Brittany Murphy typically gives good crazy, in Don’t Say a Word, Just Married and, well, her offscreen life. But she can’t give true lift to the waterlogged Deadline, a mopey mood piece that is irredeemably caught halfway between being a “haunted place” flick and a single-character study of unraveling sanity. Recalling various other moody genre efforts both successful (The Others, Session 9) and less so (Dark Water, fellow straight-to-video flick Asylum), Deadline is unappealingly photographed and stitched together without a truly compelling sense of downhill momentum.
With her violent ex-boyfriend about to be released from prison, Alice (Murphy) hitches a ride to a remote Victorian house from her friend Rebecca (Tammy Blanchard), in order to veg out and focus on finishing her screenplay in time for an impending deadline. When she begins hearing strange sounds and seeing apparitions, Alice searches for the source and comes across some disturbing videotapes in the attic. Fascinated by her discovery, Alice digs deeper into mysterious story of the couple on the tapes, newlyweds Lucy and David (Thora Birch and Marc Blucas), a story that involves just the sort of paranoia, jealousy and violence to which she is already accustomed from her own personal life.
Without necessarily giving away the rather sigh-inducing twists within the movie, notions of unwinding artistic sanity have previously been tackled in gripping fashion, in everything from The Shining to David Koepp’s underrated Secret Window. So there is the kernel of an interesting idea here. Deadline, however, is muddled, and most characterized by a forced bleakness that substitutes for interesting characters or story development. Writer-director Sean McConville trades in all the sort of stylistic touches an audience that would most inclined to rent or purchase Deadline has seen before — various drones, affectedly howling winds, dripping faucets, creaky doors and self-consciously eerie whooshes — and the structure of his script, which awkwardly intercuts these temporal flashbacks with Alice watching the videos on her laptop computer, comes across as problematically boring almost from the get-go.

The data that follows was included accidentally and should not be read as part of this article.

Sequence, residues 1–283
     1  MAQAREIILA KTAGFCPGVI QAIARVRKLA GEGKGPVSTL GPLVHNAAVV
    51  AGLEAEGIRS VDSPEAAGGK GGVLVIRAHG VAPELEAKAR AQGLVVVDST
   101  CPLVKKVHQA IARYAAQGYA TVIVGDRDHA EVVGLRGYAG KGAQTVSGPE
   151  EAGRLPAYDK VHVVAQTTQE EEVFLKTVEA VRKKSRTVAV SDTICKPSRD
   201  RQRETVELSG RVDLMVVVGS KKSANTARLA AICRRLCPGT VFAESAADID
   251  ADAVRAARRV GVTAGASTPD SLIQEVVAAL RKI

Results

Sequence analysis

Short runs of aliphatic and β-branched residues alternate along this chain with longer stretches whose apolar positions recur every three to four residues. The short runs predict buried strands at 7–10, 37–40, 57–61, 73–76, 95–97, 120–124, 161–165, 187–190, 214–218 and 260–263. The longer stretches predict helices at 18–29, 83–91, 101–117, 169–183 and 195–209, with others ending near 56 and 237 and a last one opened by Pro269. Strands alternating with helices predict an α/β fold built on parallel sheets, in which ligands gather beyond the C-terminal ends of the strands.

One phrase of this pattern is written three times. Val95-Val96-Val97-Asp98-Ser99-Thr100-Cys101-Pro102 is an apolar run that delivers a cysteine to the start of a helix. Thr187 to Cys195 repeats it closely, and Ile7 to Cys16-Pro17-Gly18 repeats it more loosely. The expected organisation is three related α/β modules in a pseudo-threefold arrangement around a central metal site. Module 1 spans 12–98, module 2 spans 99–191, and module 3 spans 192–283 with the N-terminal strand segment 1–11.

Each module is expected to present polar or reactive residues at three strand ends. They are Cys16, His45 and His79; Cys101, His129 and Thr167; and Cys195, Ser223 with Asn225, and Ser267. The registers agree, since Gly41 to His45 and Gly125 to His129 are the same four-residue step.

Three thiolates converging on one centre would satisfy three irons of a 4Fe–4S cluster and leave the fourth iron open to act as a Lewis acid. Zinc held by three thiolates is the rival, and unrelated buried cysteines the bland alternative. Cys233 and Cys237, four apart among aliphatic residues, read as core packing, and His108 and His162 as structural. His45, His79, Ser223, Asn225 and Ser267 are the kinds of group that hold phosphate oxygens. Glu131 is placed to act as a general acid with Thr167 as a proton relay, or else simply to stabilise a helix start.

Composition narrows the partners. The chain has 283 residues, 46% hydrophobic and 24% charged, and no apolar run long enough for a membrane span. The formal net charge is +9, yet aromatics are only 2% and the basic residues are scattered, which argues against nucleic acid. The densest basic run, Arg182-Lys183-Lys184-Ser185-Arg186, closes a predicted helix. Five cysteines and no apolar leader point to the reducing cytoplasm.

Blucas and Birch play types (the silver-tongued abusive lout who comes to believe his wife is cheating, and the pregnant, increasingly terrorized wife who plots to escape his clutches), so the movie is left to sink or sail on its look and manipulation of tone, as well as Murphy’s performance. The former is dreary and unexciting, not nearly darkly seductive enough; poor, puffy-lipped Murphy, meanwhile, captures some of the “hot mess” qualities of Alice, but does not come across as nearly enough of an artistic soul to realistically propel Deadline‘s narrative.
Housed in a regular plastic Amaray case, Deadline comes presented in 1.85:1 anamorphic widescreen, with English language 5.1 Dolby digital and 2.0 stereo tracks, to better capture all the discrete, prodding aural cues. Optional English and Spanish subtitles are also included. Apart from five preview trailers, the only supplemental feature is a 10-minute making-of clip which intercuts behind-the-scenes footage and interview clips with cast and crew, who talk up both the story and producer Roger Betterton’s moxie. To purchase the DVD via Amazon, click here. D+ (Movie) D+ (Disc)